Crossing the path and entering Pondhead Inclosure, I reflect on the fact that this has not always been my way. There have been many instances on my journey, when I have been tempted onto prepared paths. It is a method of travel we are encouraged to employ for getting through life as quickly as possible, for attaining the goals others have convinced us are desirable. But consistently, I have found little joy in walking the ways that others have laid out before me. I am reluctant to espouse the idea of getting through life quickly. For, this is not how you connect with the energy. To do that, you must take the way that leads to source. You have to leave behind the well-trod ways of ease and conformity. You have to step out onto the unkempt Forest floor. You have been warned that danger lies in wait for those who step off the managed way; that you may trip and fall and there may be nobody there to save you. And yes, sometimes it will be so. But always the Forest is there and it is the Forest that lifts you up when you stumble. Always, it is the Forest that nurtures you. If you let fear dominate your journey and you keep to the managed routes, you will not see what the Forest is waiting to show you. For she is your home, your origin, and she plays the melodies to which your heart wants to dance. Only on the Forest floor will ground beetles learn to become kestrels.
I come to a fallen tree that blocks the path. And I understand now why this way is less favoured. It would be difficult to ride on horseback here and you certainly could not cycle this route. Most are dissuaded. Most turn back and walk the managed path. To pass the fallen tree you must step off the path, onto the Forest floor.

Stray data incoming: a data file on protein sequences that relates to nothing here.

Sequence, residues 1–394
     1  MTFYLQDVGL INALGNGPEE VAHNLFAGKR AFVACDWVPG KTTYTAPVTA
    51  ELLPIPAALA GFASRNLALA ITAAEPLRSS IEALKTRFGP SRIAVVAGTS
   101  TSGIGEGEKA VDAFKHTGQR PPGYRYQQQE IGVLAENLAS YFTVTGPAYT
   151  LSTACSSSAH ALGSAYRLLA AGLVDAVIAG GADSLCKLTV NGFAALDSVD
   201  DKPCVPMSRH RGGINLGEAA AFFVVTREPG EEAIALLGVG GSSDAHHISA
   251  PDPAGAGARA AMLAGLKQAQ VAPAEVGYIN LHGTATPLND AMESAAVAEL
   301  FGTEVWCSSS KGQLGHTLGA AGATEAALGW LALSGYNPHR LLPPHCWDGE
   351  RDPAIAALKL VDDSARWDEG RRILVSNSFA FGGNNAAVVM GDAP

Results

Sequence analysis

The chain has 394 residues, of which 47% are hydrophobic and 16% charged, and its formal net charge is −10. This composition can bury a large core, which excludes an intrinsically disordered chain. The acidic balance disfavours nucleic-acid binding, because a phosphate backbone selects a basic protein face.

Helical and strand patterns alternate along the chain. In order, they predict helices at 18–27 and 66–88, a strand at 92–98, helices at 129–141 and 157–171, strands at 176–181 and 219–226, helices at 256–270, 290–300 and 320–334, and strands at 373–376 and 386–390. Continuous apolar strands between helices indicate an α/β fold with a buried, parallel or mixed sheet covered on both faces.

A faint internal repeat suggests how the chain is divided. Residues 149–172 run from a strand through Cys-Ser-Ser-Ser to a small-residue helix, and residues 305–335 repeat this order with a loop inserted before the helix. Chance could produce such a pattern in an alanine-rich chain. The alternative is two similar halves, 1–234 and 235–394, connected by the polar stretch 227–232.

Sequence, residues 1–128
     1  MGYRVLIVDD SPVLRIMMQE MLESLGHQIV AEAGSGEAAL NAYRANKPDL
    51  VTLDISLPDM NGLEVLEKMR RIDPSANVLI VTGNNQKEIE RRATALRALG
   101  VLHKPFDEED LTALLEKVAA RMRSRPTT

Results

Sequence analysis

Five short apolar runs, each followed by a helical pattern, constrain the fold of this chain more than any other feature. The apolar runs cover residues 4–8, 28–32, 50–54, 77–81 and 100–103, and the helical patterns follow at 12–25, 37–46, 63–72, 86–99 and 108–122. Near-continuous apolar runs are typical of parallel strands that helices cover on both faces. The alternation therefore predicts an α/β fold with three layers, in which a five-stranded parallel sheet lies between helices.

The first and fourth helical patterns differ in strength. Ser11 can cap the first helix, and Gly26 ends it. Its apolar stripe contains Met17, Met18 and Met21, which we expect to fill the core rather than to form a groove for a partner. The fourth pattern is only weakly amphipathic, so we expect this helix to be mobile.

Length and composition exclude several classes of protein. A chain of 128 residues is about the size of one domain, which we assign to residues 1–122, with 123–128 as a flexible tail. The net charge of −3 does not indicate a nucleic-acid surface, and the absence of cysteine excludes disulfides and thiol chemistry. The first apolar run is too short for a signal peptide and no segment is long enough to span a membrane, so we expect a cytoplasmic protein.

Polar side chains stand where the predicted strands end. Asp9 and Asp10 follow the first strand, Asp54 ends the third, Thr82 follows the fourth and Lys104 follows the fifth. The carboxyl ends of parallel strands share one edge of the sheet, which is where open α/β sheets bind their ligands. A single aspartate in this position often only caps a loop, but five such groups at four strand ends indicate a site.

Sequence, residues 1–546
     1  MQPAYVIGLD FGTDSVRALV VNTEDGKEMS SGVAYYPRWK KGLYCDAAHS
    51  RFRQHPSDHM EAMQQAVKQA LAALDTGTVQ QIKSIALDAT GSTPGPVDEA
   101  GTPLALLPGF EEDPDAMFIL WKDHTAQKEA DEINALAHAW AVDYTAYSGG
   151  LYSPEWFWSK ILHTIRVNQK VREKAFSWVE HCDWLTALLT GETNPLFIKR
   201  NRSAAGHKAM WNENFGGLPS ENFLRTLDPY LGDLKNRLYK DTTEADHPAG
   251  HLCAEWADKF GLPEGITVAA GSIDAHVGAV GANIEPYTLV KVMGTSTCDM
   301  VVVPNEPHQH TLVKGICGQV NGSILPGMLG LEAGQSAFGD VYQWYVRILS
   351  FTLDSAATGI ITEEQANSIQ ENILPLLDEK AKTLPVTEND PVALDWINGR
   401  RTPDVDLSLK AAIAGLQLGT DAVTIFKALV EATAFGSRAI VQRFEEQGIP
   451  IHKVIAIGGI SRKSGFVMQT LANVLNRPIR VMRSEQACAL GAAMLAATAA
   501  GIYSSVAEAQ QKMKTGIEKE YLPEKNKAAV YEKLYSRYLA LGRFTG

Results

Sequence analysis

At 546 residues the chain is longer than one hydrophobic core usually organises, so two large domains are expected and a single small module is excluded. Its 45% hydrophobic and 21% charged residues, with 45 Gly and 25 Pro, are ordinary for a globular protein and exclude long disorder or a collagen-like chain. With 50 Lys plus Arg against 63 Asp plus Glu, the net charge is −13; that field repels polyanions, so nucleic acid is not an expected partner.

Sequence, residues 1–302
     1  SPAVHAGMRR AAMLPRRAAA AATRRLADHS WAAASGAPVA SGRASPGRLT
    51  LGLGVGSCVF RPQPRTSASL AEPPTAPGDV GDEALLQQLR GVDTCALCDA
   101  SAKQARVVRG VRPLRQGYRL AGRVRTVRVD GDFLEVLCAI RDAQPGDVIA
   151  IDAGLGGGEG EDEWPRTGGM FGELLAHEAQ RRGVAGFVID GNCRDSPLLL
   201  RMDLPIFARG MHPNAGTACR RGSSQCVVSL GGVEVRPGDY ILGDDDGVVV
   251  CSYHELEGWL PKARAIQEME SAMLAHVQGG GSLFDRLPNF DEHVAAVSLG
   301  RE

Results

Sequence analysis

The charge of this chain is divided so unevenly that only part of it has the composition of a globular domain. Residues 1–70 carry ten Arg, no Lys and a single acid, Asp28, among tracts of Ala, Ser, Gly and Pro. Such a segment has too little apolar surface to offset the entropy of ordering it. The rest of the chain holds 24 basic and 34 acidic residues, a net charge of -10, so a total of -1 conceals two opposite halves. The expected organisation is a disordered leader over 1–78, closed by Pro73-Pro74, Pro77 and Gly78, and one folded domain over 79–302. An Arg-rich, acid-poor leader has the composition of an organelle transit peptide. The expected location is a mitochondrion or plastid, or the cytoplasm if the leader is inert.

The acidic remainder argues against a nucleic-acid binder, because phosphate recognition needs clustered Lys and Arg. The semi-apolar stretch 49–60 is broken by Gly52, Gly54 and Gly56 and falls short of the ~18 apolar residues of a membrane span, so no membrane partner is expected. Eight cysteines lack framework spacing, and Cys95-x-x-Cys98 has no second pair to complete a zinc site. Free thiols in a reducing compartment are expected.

Eventually, I find myself back in the organised world. I looked down and see tarmac beneath my feet. By the side of the path, a plaque informs me that this is Pondhead Woodland, cared for by the award-winning Pondhead Conservation Trust. Their job is to manage the woodland, cutting back the Hazel coppice to ground level in order to promote regrowth and encourage the smaller wildlife. I take a moment to identify with the coppice that must cut back in order to regrow stronger. Silently, I thank volunteers who have put in the seven thousand hours of free labour, that enable me to walk on wildlife corridors.
I proceed through the silence until I arrive at a gate that proclaims ‘No entry. Hotel guests only.’ I am back in the land of mine and yours, barriers and turn-away-if-you can’t-pay segregation. I have no use for spas and formal dining rooms, gymnasia or fine wine. Such a price has long been well beyond my means. I retrace my steps and, in so doing, pass the stacked Hazelwood awaiting its journey to the kiln for transformation into charcoal. I am reminded that all must fulfil their purpose; all must, if you will, pay their way. But there are other ways of doing so than burning on barbecues to cremate fat-sodden burgers. Because here, near the stack, is a loveseat, fashioned out of the same coppice wood. I am heartened to be reminded that you can equally well pay your way by facilitating love.
The great Scots pines of last week’s journey are far away; those that will be used in the building of great edifices. Here, the wood is gentler, the trees smaller, though no less well-managed. The haven they create is hazy peace, where sunlight steals through shady bowers to rest on lazy pools, while the path grows narrower yet. Who can tell where it might lead? But there again, who would want to?
You are in the Forest with only the rabbits and foxes for guides. From choice, not compulsion you tread from rougher paths to Forest floor, where secrets are whispered on the wind and dryads illuminate your heart, like sunlight falling on silent pools. You are a ground beetle or a kestrel at choice, soaring above, dropping below. There is no segregation. The lines have blurred. The respiration is one. You are the Forest and she is you. And that will make all the difference2.